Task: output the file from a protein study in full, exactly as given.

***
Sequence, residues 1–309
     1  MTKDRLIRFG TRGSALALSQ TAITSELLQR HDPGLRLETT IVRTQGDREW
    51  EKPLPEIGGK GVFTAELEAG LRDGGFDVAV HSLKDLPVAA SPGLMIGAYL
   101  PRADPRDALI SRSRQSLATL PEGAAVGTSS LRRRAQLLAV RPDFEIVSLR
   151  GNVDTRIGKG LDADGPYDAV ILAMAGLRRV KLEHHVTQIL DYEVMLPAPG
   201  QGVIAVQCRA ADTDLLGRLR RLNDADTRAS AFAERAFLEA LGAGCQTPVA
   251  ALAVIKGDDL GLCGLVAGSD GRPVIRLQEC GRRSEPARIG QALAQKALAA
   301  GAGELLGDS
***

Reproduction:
Sequence, residues 1–309
     1  MTKDRLIRFG TRGSALALSQ TAITSELLQR HDPGLRLETT IVRTQGDREW
    51  EKPLPEIGGK GVFTAELEAG LRDGGFDVAV HSLKDLPVAA SPGLMIGAYL
   101  PRADPRDALI SRSRQSLATL PEGAAVGTSS LRRRAQLLAV RPDFEIVSLR
   151  GNVDTRIGKG LDADGPYDAV ILAMAGLRRV KLEHHVTQIL DYEVMLPAPG
   201  QGVIAVQCRA ADTDLLGRLR RLNDADTRAS AFAERAFLEA LGAGCQTPVA
   251  ALAVIKGDDL GLCGLVAGSD GRPVIRLQEC GRRSEPARIG QALAQKALAA
   301  GAGELLGDS